2 votes

Mother punished for sins of the son?

Here's an interesting story. The mother is sentenced to jail for 14 months because her son found a gun at her boyfriend's house (apparently where she was living) and brought it to school. The gun went off and seriously injured another student.

The mother was legally prohibited from owning a gun due to a felony conviction. Her residence in a household that included a gun, and the subsequent shooting incident, was enough to trigger the maximum penalty.

Wacked or reasonable?

http://news.msn.com/crime-justice/mother-of-boy-who-brought-...



Trending on the Web

Comment viewing options

Select your preferred way to display the comments and click "Save settings" to activate your changes.

Wacked

All laws that deny anyone their full rights after having fulfilled their sentence for wrong-doing are wrong.

Guilt by association is also wrong.

It should not be against the law to house a felon.

I am becoming more and more against the classification of felony anything. Call crimes what they are, i.e., murder, rape robbery, etc. no need to add felony to those. It's all about money and control - not protecting people's rights!

Freedom is the ability to do what you want to do.
Liberty is the ability to do what you ought to do.
"Where the Spirit of the Lord is, there is liberty." 2 Corinthians 3:17

Dont agree with you

She was under orders not to have a firearm at residence. This was a direct violation.

Not a case where mother punished for son's actions. Judges often use the results to determine the ruling. If a drunk driver hits a tree, he is usually better off than if he runs over 2 nuns, the mayor's infant granddaughter, and 3 kittens. The aftermath of breaking a law, like a kid gaining possession of a fire-arm and having it go off and critically injuring another kid usually makes things worse.

I also want to say. These people are borderline retarded.

She did not own a gun

The gun belonged to the boyfriend.

Ignorance of the law in this case, worked out for the guilty.

The mother is innocent. The son is innocent. The guilty party is the gun owner. The law is that it is illegal to have a felon in your home when you own a gun. The boyfriend broke the law.

I remember G. Gordon Liddy bragging about the guns his wife

owned, since he was prohibited as a felon.

Facing a 20-year prison sentence back in '73, Liddy had offered her a divorce. Noting that "the devil you know is better than the devil you don't," she declined.

Good thing. Liddy likes guns, a lot. (Can draw and fire a revolver in 61/ 100ths of a second, he claims.) As a convicted felon, he no longer may own firearms. But, he says, "Mrs. Liddy owns several, and many of them just happen to be on my side of the bed."

http://articles.philly.com/1992-04-22/news/26003326_1_waterg...

I don't know if the state laws in this case are different.

-

-

The cheese stands alone. The proof is in the pudding.

unreasonable and reasonable?

2nd amendment (like all) SHALL NOT BE INFRINGED.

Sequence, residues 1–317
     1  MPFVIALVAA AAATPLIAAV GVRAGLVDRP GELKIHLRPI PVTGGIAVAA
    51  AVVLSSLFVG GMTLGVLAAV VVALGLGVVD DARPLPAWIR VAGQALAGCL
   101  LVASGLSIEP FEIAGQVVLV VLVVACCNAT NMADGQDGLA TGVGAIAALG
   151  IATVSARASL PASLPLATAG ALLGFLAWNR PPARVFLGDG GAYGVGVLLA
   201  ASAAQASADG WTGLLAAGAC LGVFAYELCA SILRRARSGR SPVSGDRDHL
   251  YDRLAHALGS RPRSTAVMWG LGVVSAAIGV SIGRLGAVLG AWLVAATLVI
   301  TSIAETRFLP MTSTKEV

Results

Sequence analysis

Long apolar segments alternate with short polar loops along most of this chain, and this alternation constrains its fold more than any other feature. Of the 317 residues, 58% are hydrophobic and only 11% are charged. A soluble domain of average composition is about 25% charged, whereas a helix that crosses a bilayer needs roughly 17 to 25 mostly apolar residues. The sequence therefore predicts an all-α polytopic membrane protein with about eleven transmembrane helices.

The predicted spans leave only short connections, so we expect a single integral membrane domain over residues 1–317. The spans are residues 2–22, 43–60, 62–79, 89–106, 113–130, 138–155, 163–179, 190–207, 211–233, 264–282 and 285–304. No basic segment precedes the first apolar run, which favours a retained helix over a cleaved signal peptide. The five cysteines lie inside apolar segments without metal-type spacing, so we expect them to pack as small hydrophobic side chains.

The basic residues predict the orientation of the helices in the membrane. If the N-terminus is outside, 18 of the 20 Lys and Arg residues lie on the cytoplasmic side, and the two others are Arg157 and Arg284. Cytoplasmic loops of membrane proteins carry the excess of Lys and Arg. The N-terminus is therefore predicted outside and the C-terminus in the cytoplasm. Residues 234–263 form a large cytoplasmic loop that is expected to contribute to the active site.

So the specific charge and penalty seem inappropriate. I'm not saying there can't be a criminal charge for somehow being tied to the violence (even if accidental) inflicted on another, but the denial of access to firearms and criminal charges associated with that piece of the case is absurd and unconstitutional.

Outside of criminal court, this woman should be subject to civil claims from the victim('s family) as she bears a responsibility for the actions of her child.

At their inceptions, the #Liberty, #OccupyWallStreet and #TeaParty movements all had the same basic goal... What happened?

People do need to be responsible for letting

kids who can't be trusted with a gun get hold of them, but the maximum penalty attached to a felony conviction is an attack on the second amendment.

There's a debate to be held about what age the responsibility transfers, but it is not nine when it comes to guns, fire, driving, etc. In some ways, nine year olds are more dangerous than eight year olds. They have some kind of developmental phase where they get more confident and brave but don't get more sense until they are ten. Maybe it's the mistakes they make at nine that lead to them getting more sense by ten, developmental phases are funny like that.

Defend Liberty!

Does it matter that she did not own the gun?

The owner of the unsecured gun did not get 14 months in jail. But the mother, who owned no gun, did. Hmmmm.

Does the mother deserve to go to jail for a shooting she did not do with a gun she did not own?

I don't have an opinion on the sanction,

I'd be more for settling it in a civil suit. But whether it's the boyfriend's fault or hers depends on the specifics.

Before I let my kids go into my niece's room to play, I asked if the gun was secured and she went and checked that the case was locked. She hadn't been around kids recently and I took responsibility to think of that then. It was then her responsibility to report correctly on whether it was secured.

If this woman had an agreement with the boyfriend that the gun would always be secured, I'd say it was his fault that it wasn't secured. It's mostly her fault and some of his if they just didn't even mull the issue over.

The government chooses to view it as her not having the right to be in that house at all and therefore all her fault, apparently.

Defend Liberty!

Reasonable

Parents need to be held accountable for actions of their children.

-

-

The cheese stands alone. The proof is in the pudding.